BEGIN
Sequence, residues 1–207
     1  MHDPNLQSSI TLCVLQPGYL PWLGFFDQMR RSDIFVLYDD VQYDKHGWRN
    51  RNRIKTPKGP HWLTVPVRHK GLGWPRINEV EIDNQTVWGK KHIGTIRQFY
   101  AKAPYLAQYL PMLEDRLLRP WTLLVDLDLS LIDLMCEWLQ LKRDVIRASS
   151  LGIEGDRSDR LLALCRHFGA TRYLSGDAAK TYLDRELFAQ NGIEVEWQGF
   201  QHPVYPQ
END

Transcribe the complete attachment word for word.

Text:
Sequence, residues 1–207
     1  MHDPNLQSSI TLCVLQPGYL PWLGFFDQMR RSDIFVLYDD VQYDKHGWRN
    51  RNRIKTPKGP HWLTVPVRHK GLGWPRINEV EIDNQTVWGK KHIGTIRQFY
   101  AKAPYLAQYL PMLEDRLLRP WTLLVDLDLS LIDLMCEWLQ LKRDVIRASS
   151  LGIEGDRSDR LLALCRHFGA TRYLSGDAAK TYLDRELFAQ NGIEVEWQGF
   201  QHPVYPQ